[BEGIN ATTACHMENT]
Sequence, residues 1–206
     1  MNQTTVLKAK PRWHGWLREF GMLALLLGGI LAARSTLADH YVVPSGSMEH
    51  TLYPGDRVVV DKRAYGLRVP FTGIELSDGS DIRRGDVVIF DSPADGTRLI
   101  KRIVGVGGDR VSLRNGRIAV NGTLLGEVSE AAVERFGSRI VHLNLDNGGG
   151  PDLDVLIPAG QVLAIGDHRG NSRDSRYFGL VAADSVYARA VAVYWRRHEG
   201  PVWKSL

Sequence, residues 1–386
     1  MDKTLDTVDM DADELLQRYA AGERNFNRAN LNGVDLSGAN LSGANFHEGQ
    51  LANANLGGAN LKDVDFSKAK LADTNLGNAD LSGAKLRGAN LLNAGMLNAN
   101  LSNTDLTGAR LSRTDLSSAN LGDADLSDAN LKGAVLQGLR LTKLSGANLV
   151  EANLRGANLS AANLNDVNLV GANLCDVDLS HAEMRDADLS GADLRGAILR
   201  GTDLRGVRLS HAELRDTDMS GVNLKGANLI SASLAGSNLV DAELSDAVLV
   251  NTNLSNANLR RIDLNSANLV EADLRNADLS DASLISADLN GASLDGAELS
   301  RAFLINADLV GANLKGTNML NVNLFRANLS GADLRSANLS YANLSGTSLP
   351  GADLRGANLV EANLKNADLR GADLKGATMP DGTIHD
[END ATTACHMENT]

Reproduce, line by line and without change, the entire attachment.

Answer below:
Sequence, residues 1–206
     1  MNQTTVLKAK PRWHGWLREF GMLALLLGGI LAARSTLADH YVVPSGSMEH
    51  TLYPGDRVVV DKRAYGLRVP FTGIELSDGS DIRRGDVVIF DSPADGTRLI
   101  KRIVGVGGDR VSLRNGRIAV NGTLLGEVSE AAVERFGSRI VHLNLDNGGG
   151  PDLDVLIPAG QVLAIGDHRG NSRDSRYFGL VAADSVYARA VAVYWRRHEG
   201  PVWKSL

Sequence, residues 1–386
     1  MDKTLDTVDM DADELLQRYA AGERNFNRAN LNGVDLSGAN LSGANFHEGQ
    51  LANANLGGAN LKDVDFSKAK LADTNLGNAD LSGAKLRGAN LLNAGMLNAN
   101  LSNTDLTGAR LSRTDLSSAN LGDADLSDAN LKGAVLQGLR LTKLSGANLV
   151  EANLRGANLS AANLNDVNLV GANLCDVDLS HAEMRDADLS GADLRGAILR
   201  GTDLRGVRLS HAELRDTDMS GVNLKGANLI SASLAGSNLV DAELSDAVLV
   251  NTNLSNANLR RIDLNSANLV EADLRNADLS DASLISADLN GASLDGAELS
   301  RAFLINADLV GANLKGTNML NVNLFRANLS GADLRSANLS YANLSGTSLP
   351  GADLRGANLV EANLKNADLR GADLKGATMP DGTIHD